200 Minutes in Johns Creek

photos courtesy of LINLEY MOBLEY, READ IT AGAIN

, so to say I’m still exploring and learning about the area is an understatement. What better way to get to know your new home than to immerse yourself in one of its neighborhoods for a day? I chose Johns Creek.

I wasn’t sure how easy it would be to fill 200 minutes of my day considering Johns Creek is known for top-notch golf courses like Atlanta Athletic Club, which hosted both the 2011 PGA Championship and the 2014 U.S. Amateur, and I’m certainly no golfer. Instead of the links, I focused on a few restaurants, shops and one cozy little book nook. They combine to make Johns Creek special to those who call it home.

Breakfast of Champions

My favorite mornings are spent at The Farmhouse, a quaint coffee and crepe cafe that opened its doors last year and brews coffee by Counter Culture, a sustainable coffee roaster based in Durham, North Carolina. The baristas, led by professionally trained Timothy Dukes, exercise their creativity by coming up with a special off-menu drink each week. Try the Midnight Marshmallow — a latte mixed with dark chocolate and marshmallow syrup that will put you in the mood for a bonfire with a guitar-playing friend. Coffee isn’t the only thing on the menu, though. They are renowned for an extensive and authentic crepe menu by chef and general manager Taylor Foster. I recommend the aptly named Farmhouse crepe, full of oven-roasted chicken, sun-dried tomato pesto, Asiago cheese and baby arugula. Or, appease your sweet tooth with The Duke, which comes delectably filled with creamy Nutella, fresh strawberries and bananas and topped with house-made whipped cream. The best part? Coming soon, The Farmhouse will offer selections of craft beer, wine and coffee-centric cocktails. mycoffeeandcrepes.com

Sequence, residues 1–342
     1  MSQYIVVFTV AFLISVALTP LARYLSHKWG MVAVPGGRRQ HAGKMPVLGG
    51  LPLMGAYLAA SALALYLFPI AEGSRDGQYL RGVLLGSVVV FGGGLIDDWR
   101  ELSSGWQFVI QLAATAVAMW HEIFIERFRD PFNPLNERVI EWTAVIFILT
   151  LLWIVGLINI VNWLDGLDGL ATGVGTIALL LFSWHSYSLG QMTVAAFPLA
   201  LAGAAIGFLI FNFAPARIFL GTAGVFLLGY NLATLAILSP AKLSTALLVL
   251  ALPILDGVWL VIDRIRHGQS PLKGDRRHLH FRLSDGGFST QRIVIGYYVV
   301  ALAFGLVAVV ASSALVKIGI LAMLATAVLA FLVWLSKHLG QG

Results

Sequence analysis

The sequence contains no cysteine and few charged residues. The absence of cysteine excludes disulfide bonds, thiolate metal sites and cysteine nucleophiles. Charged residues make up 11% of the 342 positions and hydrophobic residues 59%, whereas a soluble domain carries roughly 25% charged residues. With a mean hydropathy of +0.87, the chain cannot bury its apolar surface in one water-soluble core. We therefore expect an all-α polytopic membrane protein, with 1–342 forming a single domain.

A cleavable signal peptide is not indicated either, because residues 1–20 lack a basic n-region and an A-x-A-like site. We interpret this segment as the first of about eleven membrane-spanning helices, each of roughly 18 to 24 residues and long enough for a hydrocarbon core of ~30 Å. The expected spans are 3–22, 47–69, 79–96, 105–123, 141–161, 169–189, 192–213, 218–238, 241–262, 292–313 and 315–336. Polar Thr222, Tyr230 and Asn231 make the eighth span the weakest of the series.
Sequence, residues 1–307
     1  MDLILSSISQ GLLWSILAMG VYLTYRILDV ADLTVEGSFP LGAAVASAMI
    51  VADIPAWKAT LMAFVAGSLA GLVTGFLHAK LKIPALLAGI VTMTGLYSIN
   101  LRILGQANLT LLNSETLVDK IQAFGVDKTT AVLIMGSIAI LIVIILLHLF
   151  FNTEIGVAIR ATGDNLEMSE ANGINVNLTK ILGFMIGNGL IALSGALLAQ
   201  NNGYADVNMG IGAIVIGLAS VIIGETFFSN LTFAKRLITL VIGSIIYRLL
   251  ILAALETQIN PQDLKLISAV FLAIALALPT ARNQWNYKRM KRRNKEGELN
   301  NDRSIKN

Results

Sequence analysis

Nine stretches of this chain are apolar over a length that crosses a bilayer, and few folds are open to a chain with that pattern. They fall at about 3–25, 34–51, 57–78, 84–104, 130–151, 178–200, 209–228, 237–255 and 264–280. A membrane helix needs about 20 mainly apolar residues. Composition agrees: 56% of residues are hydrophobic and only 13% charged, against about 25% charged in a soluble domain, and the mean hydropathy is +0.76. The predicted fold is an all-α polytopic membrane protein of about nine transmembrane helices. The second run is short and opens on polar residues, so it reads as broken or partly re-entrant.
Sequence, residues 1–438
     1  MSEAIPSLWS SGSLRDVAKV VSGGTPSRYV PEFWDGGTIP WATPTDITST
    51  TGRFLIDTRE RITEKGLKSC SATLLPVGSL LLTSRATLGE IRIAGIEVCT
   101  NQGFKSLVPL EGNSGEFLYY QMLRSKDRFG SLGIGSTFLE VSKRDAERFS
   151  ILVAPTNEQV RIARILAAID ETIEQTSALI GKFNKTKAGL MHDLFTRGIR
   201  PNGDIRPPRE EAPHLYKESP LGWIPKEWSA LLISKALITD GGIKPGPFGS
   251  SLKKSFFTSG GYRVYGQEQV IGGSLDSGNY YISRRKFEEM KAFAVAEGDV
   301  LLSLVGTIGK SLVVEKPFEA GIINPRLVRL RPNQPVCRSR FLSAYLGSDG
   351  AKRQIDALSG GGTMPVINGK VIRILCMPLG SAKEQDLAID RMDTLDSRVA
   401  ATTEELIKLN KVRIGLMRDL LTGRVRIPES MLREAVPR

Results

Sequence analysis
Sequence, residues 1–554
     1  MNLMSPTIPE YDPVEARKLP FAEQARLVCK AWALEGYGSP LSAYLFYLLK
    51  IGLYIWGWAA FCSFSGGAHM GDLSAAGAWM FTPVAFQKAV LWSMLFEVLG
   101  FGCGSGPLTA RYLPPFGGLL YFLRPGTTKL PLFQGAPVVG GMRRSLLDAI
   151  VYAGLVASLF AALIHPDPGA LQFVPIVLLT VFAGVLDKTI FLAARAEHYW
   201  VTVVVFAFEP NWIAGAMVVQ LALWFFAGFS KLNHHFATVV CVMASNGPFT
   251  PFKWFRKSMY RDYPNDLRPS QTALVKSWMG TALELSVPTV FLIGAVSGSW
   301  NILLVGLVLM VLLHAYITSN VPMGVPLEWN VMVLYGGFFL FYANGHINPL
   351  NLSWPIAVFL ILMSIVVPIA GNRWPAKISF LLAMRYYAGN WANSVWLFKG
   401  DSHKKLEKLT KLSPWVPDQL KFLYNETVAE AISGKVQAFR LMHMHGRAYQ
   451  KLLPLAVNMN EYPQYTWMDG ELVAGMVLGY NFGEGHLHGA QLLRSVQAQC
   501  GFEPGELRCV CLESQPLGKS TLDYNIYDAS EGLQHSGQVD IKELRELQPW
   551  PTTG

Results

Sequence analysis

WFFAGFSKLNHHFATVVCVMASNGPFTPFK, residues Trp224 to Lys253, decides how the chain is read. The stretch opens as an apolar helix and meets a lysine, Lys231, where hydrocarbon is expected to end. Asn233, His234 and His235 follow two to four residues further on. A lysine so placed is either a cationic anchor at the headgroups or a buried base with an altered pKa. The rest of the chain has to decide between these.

To Shop or Not to Shop?

What better way to spend a caffeine rush than shopping? Next door to The Farmhouse is Piper Lillies, a large gift shop full of everything from home decor to clothing, jewelry and anything you could ever want monogrammed. Opened by Julia Butler in 2012, the shop is named for her two granddaughters, Piper and Lily, and is a great spot to pick up a unique gift or create a wedding registry full of items you won’t find anywhere else.

But, don’t let that knowledge pigeon-hole your expectations – their selection includes homemade shortbread cookies by assistant manager Wendy Virgo who uses her family’s recipe to deliver traditional, cinnamon or chocolate chip treats. Recently, the shop also added tiny paintings BIG CITIES, a collection of miniature paintings of both Georgia landmarks and British novelties 
by Shana Bowes, a local Atlanta artist. facebook.com/piperlillies 

If you’re looking to mix up your shopping bags, hop in the car and head 4 minutes down the road to The Red Hound. Since early 2000, this shop has been full of local, regional and internationally crafted home decor, jewelry and gifts, but here you’ve got the chance to buy with a bigger purpose. Karama Collection, sold here, offers handmade jewelry and leather goods made by women in Ethiopia. These women use discarded or forgotten materials (like empty gun shells melted down) to make something beautiful and unique. By partnering with these women, Karama can provide them with creative, purposeful work that gives them the ability to support their families and thrive in their own environment. theredhoundgifts.com